McDonald’s has been in the business of making both kids and adults happy for almost forty years. Recently, they launched an adult version of their iconic kid’s Happy Meal, and over half of the available meals were sold in only four days. However, the company wasn’t always this successful at first.
Bob Bernstein, the creator of the Happy Meal, admitted that Happy Meals weren’t initially embraced by the public. Do you know the history of the Happy Meal and why it was almost one of the company’s biggest flops? Here’s why.
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Unfortunately, the love of Happy Meals didn’t soon catch on for a couple of different reasons. The store design of McDonald’s was changed to bricks from white and red tiles, and this concept didn’t sit well with the kids. Burger King was also winning families over thanks to their King character and them giving gifts to children. The Happy Meal just couldn’t compete with all of this.
A Cereal Box Changed It All
Bernstein knew that he needed to do something creative to get families back to McDonald’s and to make Happy Meals more appealing. Each morning, he would watch his son eat a bowl of cereal and look over the entire cereal box. He realized that his son would be so into his morning cereal because there was a lot to look at on the box that kept kids entertained.
This led to him creating a Happy Meal box that had a variety of different things that kept kids engaged while they were eating. This included games, riddles and puzzles for them to solve. Bernstein recruited illustrators from a variety of different cities throughout the United States to design the boxes so that they would stand out amongst their competitors.
1979 Was Their Year
The original Happy Meals came with cookies, french fries, a hamburger, soda and a toy. However, it was only available in a few select cities, like Phoenix, Denver and Kansas City. The company showed a great deal of reluctance about offering Happy Meals in different cities. It took over a year of them testing them amongst families before they felt confident enough to offer it throughout the country in 1979.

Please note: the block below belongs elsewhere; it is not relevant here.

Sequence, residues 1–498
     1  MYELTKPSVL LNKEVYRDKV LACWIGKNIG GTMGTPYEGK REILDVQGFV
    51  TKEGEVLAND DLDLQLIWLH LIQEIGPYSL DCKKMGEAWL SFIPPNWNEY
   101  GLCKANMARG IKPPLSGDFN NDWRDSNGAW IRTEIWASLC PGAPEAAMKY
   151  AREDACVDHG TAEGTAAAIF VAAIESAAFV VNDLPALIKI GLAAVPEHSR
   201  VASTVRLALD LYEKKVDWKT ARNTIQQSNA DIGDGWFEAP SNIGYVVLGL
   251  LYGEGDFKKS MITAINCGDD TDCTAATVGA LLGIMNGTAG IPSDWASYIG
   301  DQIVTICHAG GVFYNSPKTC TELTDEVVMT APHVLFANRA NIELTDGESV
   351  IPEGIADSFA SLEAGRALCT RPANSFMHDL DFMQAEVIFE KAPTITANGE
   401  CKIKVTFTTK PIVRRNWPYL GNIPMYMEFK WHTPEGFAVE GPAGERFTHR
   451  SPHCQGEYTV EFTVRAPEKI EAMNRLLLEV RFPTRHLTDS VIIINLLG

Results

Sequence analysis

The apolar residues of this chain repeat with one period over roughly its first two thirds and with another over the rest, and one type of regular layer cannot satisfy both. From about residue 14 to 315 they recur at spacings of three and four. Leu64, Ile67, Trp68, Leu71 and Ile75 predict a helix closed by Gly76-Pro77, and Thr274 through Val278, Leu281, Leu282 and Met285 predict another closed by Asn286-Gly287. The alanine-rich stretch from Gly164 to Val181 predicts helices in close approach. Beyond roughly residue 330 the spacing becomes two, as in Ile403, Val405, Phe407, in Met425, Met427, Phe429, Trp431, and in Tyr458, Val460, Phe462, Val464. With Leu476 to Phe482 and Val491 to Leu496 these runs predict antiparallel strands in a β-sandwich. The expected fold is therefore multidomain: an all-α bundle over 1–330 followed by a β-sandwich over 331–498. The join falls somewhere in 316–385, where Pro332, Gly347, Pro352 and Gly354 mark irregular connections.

From Promotional To Permanence
Originally, Happy Meals were just a promotional item. There was no guarantee that they would stay on the menu permanently. At just $1.10 per meal, a lot of parents thought they were a great value and offered them a quick solution to feed their kids without them having to do a lot of work. McDonald’s often tried to bring even more hype around these meals by tying them into movie debuts.
A lot of franchise owners still were not thrilled about offering Happy Meals because they thought it would cause an unnecessary disruption to daily operations. They didn’t want to deal with having to find a place to keep all of the toys that went into the boxes, and a lot of employees had a difficult time assembling each box quickly. Fortunately for McDonald’s, these issues were worked out, and Happy Meals became a permanent item on the menu in the 1980s.
Toys Were A Hot Commodity
In 1984, chicken nuggets were added as a Happy Meal option that took sales to new heights. However, the thing that really started getting a lot of attention was the toy that came in each box. It wasn’t uncommon for consumers to go from store to store in order to try to find a specific toy that was being offered in a Happy Meal that week.
Despite the fact that the design of the boxes became the thing that drew families in initially, it soon became all of the unique toys that had both parents and investors buying up Happy Meals in astonishing quantities. McDonald’s soon became one of the country’s biggest toy distributors. Today, it isn’t uncommon for certain Happy Meal toys to sell on eBay for thousands of dollars. Popular toys have included Hot Wheels cars, Beanie Babies and Power Rangers.
Nutritional Values Changed Things
As the country started to become concerned about childhood obesity at the turn of the century, McDonald’s had to change some things. A lot of people put pressure on McDonald’s to get rid of toys and make the meal a little healthier. In response to the critics, McDonald’s reduced the portion sizes of their french fries, offered their own low fat version of chocolate milk, cookies were removed and apple slices were offered instead. Because of all of these changes, the calorie count is down about 20% from where it was when the meal was first introduced.
While the Happy Meal has seen a lot of changes throughout the years, it is still widely popular among kids and parents that are looking for a quick way to feed their child. Thanks to all of the nutritional changes, a lot of parents feel better about giving their child something from a fast food restaurant when they are strapped for time. With the Happy Meal consistently changing over the last four decades, it wouldn’t be surprising if we saw a few more tweaks and improvements in the future.